Code of Conduct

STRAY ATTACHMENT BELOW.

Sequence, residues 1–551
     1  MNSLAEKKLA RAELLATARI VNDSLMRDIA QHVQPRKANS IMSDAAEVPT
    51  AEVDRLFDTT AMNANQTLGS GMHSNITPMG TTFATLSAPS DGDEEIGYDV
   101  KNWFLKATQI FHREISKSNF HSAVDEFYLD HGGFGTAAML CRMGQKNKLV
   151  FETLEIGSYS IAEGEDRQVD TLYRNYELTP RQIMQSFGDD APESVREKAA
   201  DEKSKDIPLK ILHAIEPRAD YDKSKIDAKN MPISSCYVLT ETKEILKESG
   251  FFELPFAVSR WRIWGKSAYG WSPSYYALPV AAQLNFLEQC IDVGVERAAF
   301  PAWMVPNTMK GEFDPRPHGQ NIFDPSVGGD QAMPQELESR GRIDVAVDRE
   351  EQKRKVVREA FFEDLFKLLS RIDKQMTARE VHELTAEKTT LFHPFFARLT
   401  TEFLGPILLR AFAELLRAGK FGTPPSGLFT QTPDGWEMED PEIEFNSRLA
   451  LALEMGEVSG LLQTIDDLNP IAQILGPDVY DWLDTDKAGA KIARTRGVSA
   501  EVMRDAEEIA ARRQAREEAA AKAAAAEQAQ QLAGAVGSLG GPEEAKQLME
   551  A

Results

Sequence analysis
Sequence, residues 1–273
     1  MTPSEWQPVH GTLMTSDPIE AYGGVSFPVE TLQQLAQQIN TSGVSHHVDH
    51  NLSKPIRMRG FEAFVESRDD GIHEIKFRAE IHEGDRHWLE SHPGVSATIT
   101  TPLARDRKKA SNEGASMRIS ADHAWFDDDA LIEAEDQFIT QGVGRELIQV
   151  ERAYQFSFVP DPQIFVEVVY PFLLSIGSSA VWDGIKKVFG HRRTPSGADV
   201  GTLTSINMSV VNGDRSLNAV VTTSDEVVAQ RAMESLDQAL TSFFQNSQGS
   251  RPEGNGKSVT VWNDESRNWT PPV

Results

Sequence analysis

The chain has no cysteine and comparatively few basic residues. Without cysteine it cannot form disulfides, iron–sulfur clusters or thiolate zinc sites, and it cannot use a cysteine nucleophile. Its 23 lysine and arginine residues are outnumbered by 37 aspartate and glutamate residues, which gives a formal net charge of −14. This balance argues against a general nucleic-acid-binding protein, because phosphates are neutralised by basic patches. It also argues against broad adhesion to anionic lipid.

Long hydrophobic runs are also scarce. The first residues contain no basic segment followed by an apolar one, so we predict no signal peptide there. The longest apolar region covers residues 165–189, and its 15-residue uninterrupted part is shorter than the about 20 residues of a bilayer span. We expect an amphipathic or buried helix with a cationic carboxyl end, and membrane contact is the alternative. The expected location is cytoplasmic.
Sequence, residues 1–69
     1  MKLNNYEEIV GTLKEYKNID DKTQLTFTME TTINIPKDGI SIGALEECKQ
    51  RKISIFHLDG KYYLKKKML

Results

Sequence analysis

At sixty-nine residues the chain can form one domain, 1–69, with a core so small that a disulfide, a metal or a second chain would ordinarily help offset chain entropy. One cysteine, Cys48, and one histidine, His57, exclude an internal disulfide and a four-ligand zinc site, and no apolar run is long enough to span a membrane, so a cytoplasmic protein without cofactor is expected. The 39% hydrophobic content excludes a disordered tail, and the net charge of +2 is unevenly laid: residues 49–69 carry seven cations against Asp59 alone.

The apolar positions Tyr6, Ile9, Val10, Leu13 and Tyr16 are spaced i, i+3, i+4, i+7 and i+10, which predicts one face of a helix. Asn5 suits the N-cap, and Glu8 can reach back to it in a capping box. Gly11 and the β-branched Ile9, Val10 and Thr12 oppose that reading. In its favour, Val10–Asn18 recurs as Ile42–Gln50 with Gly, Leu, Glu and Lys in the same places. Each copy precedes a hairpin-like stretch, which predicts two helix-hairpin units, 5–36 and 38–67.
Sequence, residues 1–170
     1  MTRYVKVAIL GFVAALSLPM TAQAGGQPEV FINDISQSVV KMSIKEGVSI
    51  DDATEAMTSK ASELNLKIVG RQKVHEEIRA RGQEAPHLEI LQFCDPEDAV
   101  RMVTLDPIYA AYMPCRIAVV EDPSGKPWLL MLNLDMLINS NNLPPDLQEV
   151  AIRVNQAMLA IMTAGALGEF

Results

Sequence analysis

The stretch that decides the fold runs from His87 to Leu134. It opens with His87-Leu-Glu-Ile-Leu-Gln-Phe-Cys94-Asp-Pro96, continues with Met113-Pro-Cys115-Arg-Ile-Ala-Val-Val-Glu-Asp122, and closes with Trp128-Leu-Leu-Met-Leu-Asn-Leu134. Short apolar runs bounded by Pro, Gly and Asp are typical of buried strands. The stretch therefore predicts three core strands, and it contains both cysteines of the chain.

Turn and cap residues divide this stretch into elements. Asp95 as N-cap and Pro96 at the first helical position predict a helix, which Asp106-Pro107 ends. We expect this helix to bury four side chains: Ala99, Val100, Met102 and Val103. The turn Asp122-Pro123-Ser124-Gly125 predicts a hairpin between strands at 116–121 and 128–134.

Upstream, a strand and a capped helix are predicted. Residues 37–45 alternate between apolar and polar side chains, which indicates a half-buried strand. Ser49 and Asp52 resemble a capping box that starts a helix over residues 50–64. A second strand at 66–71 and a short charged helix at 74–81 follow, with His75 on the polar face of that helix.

CODE OF CONDUCT FOR MEMBERS AND VOLUNTEERS OF WORLD ORTHOPAEDIC CONCERN UK June 2018 Code of Conduct 3 Overview and Context The purpose of this Code is to state World Orthopaedic Concern (WOC) UK’s commitment and define conduct which is ethical, legal, and consistent with the organisation’s values, mission and professional standards. In addition, this Code outlines and gives general guidelines to all Feet First volunteers and employees for conducting themselves in a manner that upholds and maintains our values and objectives, in serving to improve the quality of life of persons with disabilities in the poorest countries of the world by facilitating the education of local orthopaedic care providers. This Code applies to all WOC UK volunteers and members worldwide. It also applies to family members accompanying members stationed abroad. It also governs the appropriate conduct for WOC UK executive committee members and Third Parties (i.e. donors, VIPs, celebrities, free-lancers, volunteers, consultants and media, etc.) on WOC UK related business. Thus, this Code applies only in the context of the relationship with WOC UK and third parties acting as its representatives. The Code of Conduct is in line with current international and UK standards, such as: • Universal Declaration of Human Rights • Humanitarian Charter • Accountability Charter of INGO (International Non-Governmental Organisations) • Code of Conduct of IFRC (International Federation of Red Cross and Red Crescent Societies) • WOC UK Safeguarding Children Policy Guiding Principles 1) WOC UK opposes and does not act as a willing party towrongdoing, corruption, bribery or other financial impropriety, or illegal actsin any of its activities. Feet First ensures accountability and transparency to its donors and stakeholders. 2) WOC UK takes prompt and firm disciplinary action whenever and wherever wrongdoing of any kind is found among itspersonnel. 3) WOC UK members and volunteers are expected to conduct themselves in amanner that reflects honesty and integrity, and that maintains the effectiveness, values and mission of the organisation. These standards of conduct are maintained despite possible prevailing contrary practices elsewhere. 4 Code of Conduct Standards of behaviour While it is not possible to list all the forms of behaviour that are considered acceptable or unacceptable, the following is a partial list of the kinds of behaviour or conduct that are expected: • Treating others with respect, dignity and impartiality regardless of gender, ethnicity, religion, sexual orientation and whether or not they have a disability1; • Ensure adherence to disability inclusive practices; • Avoid practices which force or infer exclusion; • Behaving in an honest, trustworthy and ethical manner; • Trustworthy handling of confidential and sensitive informationand data; • Showing respect and adherence to the culture and law of the host country, whether professional or private, and avoiding anybehaviour which may be considered offensive or even jeopardise the safety of colleagues, family members and/or oneself; • Adhering to applicable laws and WOC UK policies; • Adhering to safety, security and health rules and standards; • Wearing appropriate attire (clothing, accessories, etc.) thatrespects local custom; • Properly managing WOC UK assets, funds or other property; • Aiming to achieve environmental best practice (eg in terms ofwaste disposal, energy use); • Besides following these standards personally, WOC UK members are also held accountable for the behaviour of others where they act as hosts, receiving and entertaining guests or visitors in WOC UK rented premises (residence and office) or make use of Feet First vehicles or other assets. 1 Article 18 of Universal Declaration of Human Rights: Everyone has the right to freedom of thought, conscience and religion; this right includes freedom to change his religion or belief, and freedom, either alone orin community with others and in public or provide, to manifest his religion or belief in teaching practice, worship and observance. 5 Code of Conduct Examples of Unacceptable Behaviour Some forms of behaviour that are considered unacceptable, such as the partial list indicated below, may result in disciplinary action, up to and including termination of employment: • Unlawful or dishonest activities; • Financial impropriety in any form, including (but not limitedto) bribery; • Threatening violence or engaging in violent behaviour inthe workplace; • Theft, misappropriation or inappropriate removal or possession ofany assets, funds or other property belonging to WOC UK, an employee or a vendor; • Showing favouritism in the workplace (for example, showing an improper preference or allowing inappropriate factors to influence decisions regarding dealings with others, including suppliers, vendors, contractors and employees); • Hiring relatives, friends, or members of one’s ethnic group to the exclusion of other qualified persons and/or without following established WOC UK policies and processes; • Falsification of records; • Being on WOC UK premises or at a WOC UK project or activity under the influence of substances such as alcohol, drugs, etc., such that it impairs one’s ability to function, puts the employee or others at risk, and/or has the potential to negatively impact Feet First as anorganisation; • Use and/or possession of any illegal substances; • Negligent or improper conduct leading to damage of WOC UK orthird party property; • Behaving in a disrespectful manner by, for example, using inappropriate language, harassing or causing physical harm; • Possession of dangerous and unauthorized materials, such as explosives, firearms, or other weapons. • Any unauthorised absence. • Unauthorized use of telecommunications, including but not limitedto telephones, mobile phones, fax machines, internet, video systems, mail system, Feet First letterhead stationery or other employer-owned equipment; • Using software without a valid licence, or copying programmes or work related data in order to make non-business use of them or pass them on to third parties. 6 Code of Conduct Protection of Vulnerable Persons The following principles of sexual behaviour outline international standards for safeguarding of vulnerable people and are considered an integral part of this guideline and in line with WOC UK‘s Safeguarding Children Policy: • Sexual relations with and exploitation of children are considered inappropriate and harmful to WOC UK’s work and reputation; • Sexual exploitation and abuse by any WOC UK volunteer or visitor constitute acts of gross misconduct and are, therefore, grounds for termination of employment and/or legal action; • Sexual activity between any WOC UK volunteer or visitor and a child (personunder the age of 18) is strictly prohibited, regardless of the age of majority or age of consent locally. In such cases, mistaken belief by any WOC UK member or visitor regarding the age of a child is not a defence against disciplinary action, termination of employment and/or legal action; • Exchange of money, employment, goods, or services for sex (including sexual favours or other forms of humiliating, degrading,or exploitative behaviour) is strictly prohibited and is a reason for termination of employment; • Sexual relationships between any WOC UK member or volunteer and beneficiaries are not acceptable and will not be tolerated since they are based on inherently unequal power dynamics. • Where a WOC UK member or volunteer develops concerns or suspicions regarding sexual abuse or exploitation by a fellow employee,whether in the same agency or not, s/he must report such concerns to the organisation‘s responsible officer. All WOC UK members and volunteers are obliged to create and maintain an environment that prevents sexual exploitation and abuse and promotes the implementation of WOC UK’s Code of Conduct. All WOC UK members and WOC affiliated persons (including volunteers) shall be free, and in fact are encouraged, to report evidence of conduct which violates or is inconsistent with the standards described in these guidelines, and WOC UK will adhere to policies and practices to guide their investigation of reported conduct and any resulting disciplinary action. Such policies and procedures ensure that this reporting can be done confidentially and without retaliation to the reporting person. These standards of conduct are provided for your information. WOC UK reserves the right to determine, based on international standards and this document, whether a member or volunteer has engaged in inappropriate conduct or behaviour that may warrant disciplinary action up to and including termination. 7 Code of Conduct Conflicts of Interest between WOC UK Work and Outside Activities WOC UK relies on employees using their good judgment in gauging their involvement in outside activities, and if necessary, raising any potential for conflicts of interest with their line manager. What May Constitute a Conflict of Interest? These examples may help you think through whether any potential exists for a conflict of interest: • Will your involvement negatively impact your performance for WOC UK? • Does it involve anything that competes or conflicts with your work for WOC UK? • Does it involve owning or leasing property that you know WOC UK has an active or potential interest in? • Does it involve lending to or borrowing from a partner,beneficiary, donor or supplier of WOC UK? • Will you receive any gift (more than a nominal value) or any entertainment / favours beyond what is associated with accepted business practice, or of any commission or payment of any sortin connection with your work for WOC UK? • Are you using WOC UK’s name in such a way as to lend weight or prestige to your sponsorship of a political policy or cause, or totheir endorsement of the product or service of another organisation? • Are you using any WOC UK documents (e.g. partner, beneficiary,donor or employee lists) for furthering private interests? • Are you using your association with any educational, professional, philanthropic, social or recreational activities to the detriment of WOC UK’s interests or reputation? • Are you using WOC UK funds or assets to lobby a political party or candidate? If, after considering any potential for conflict of interest, you want to use WOC UK’s name in endorsing a cause or product, or use the fact of your association with WOC UK for private purposes, please register the interest you have and your rationale with the executive committee of WOC UK before you proceed. Acts that violate this Code of Conduct and that are not mentioned to your line manager will be considered outside the scope of employment and may result in disciplinary action and legal sanctions being taken against those who breach them, including, where appropriate, the immediate termination of employment. 8 Code of Conduct Reporting and Incident Management There are various channels for external stakeholders and WOC UK affiliated persons to report on any breach of this Code of Conduct. While WOC UK encourages everybody to report a violation or inconsistency in observance of the Code of Conduct, for all WOC UK volunteers and members this is a duty, if reasonable in the respective case. To ensure reporting without any fear of consequences, discretion and professionalism will be exercised at all times. The incident management is described in the guidelines of each feedback and alarm system. Conclusion No set of specific rules can anticipate or capture every possible instance in which an ethical issue may arise. Instead, all of us must be guided by the overarching principle that we are committed to fair and honest conduct and use our judgement and common sense whenever confronted with an ethical issue. Our reputation depends, to a very large measure, on individuals taking personal responsibility for maintaining and adhering to the policies and guidelines set forth here. Our continued cooperation in this regard is vit